What people will believe these days…
No risk-free level? Good lord! The inescapable conclusion from the Surgeon-General's report is that, despite increasing longevity and standards of living, we are all doomed! It is clearly too late for current generations who must have been exposed to second-hand smoke at some time during their life, but future generations benefiting from overbearing government legislation may at least be spared having to die someday.
There is no risk-free level of exposure to second-hand smoke — and the only way to protect nonsmokers is to ban smoking completely in office buildings and public places, concludes a report by the U.S. Surgeon-General released Tuesday.
No risk-free level? Can one really be expected to credit this statement as an incontestable fact? If there is no risk-free level of exposure to second-hand smoke, there ought to be no risk-free level of exposure to second-hand car exhaust, factory pollution, agricultural pesticides, flouridated water, carbohydrates, guns, clowns, etc. When governments engage in this sort of hyperbole it is when its authority over those commodities and exchanges can be safely expanded with minimal risk to its own revenues.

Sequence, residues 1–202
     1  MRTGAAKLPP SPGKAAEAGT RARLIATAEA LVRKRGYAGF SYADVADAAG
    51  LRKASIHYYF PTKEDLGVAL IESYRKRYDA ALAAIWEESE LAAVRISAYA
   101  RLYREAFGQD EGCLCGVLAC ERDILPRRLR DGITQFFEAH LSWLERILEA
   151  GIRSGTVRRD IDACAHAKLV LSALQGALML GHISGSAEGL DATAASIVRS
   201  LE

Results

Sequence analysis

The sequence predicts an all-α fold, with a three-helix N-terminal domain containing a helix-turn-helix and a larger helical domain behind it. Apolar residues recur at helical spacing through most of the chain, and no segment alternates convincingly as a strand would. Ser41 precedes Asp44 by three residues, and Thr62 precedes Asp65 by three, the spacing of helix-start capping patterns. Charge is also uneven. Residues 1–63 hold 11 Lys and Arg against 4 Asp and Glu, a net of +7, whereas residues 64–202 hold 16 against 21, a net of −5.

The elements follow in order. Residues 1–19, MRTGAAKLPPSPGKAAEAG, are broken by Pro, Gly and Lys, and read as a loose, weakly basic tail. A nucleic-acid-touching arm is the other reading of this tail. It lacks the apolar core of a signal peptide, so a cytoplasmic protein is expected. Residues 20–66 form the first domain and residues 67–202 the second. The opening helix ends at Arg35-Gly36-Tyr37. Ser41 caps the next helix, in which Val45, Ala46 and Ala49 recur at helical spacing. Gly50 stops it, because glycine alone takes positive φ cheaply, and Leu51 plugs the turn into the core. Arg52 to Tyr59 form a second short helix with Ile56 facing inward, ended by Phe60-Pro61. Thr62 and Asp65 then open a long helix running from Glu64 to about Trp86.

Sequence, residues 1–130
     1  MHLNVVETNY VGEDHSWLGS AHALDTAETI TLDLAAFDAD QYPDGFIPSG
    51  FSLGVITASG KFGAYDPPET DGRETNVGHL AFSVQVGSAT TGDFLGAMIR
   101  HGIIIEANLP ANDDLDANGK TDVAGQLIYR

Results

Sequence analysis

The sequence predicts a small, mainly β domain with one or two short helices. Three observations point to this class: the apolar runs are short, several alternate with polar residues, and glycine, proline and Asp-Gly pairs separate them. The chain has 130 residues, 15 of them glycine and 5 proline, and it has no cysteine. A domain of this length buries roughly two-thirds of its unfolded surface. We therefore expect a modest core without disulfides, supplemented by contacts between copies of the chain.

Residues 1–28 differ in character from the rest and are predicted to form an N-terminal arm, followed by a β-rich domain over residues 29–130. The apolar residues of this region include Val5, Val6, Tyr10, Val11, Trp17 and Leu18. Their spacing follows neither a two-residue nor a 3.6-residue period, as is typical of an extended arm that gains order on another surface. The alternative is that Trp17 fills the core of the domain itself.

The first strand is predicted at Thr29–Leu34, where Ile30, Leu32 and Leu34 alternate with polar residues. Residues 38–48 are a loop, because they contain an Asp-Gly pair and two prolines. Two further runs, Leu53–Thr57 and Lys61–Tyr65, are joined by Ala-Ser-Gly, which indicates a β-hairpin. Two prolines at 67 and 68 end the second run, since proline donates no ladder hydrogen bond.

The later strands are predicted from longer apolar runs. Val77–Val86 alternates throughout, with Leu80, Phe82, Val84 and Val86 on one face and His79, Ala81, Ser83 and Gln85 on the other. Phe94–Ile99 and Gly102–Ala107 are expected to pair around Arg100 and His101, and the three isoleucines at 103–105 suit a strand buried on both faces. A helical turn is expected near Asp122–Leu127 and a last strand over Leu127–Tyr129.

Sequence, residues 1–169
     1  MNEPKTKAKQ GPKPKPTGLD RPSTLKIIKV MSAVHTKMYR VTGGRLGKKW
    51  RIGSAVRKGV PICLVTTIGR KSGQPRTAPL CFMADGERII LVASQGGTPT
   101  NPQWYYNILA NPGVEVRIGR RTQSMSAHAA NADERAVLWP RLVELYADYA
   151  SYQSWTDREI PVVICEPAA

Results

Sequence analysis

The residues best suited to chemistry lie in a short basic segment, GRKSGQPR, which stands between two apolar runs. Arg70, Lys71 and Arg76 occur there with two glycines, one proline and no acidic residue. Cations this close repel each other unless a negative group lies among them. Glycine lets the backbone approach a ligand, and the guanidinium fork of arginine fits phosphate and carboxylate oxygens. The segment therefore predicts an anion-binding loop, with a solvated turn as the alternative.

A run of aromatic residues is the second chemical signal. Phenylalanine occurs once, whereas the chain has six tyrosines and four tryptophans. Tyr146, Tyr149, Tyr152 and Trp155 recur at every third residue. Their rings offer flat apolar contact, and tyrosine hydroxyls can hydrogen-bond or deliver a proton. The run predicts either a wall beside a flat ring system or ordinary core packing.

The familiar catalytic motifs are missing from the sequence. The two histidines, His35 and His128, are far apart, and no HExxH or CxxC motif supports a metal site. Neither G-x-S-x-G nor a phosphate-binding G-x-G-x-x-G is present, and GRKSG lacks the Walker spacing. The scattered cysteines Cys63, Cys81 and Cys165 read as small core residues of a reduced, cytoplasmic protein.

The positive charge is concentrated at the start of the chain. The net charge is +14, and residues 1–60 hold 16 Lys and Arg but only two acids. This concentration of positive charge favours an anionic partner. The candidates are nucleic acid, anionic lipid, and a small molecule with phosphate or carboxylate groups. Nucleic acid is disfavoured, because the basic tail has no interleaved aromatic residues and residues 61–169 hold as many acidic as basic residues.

The only people who flout their belief in this sort of hogwash are the activists who share a vicarious interest with the government in confining individual behaviour to circumscribed bounds. Where governments do it for the sake of exercising authority, activists do it for the sake of claiming moral authority, by legal default if necessary. But both are utterly self-serving in all their pronouncements.
But wait… according to StatsCan, Canadians are smoking less already but are getting fatter. One cannot expect, however, any compensatory balancing of the government's claims upon the incidents of individuals' health. As proprietor, the government will simply add to the benefits it can claim from its human resources. "There is no risk-free level of exposure to second-hand carbohydrates," anyone?
Tuesday, June 27, 2006
Posted by MapMaster on Tuesday, June 27, 2006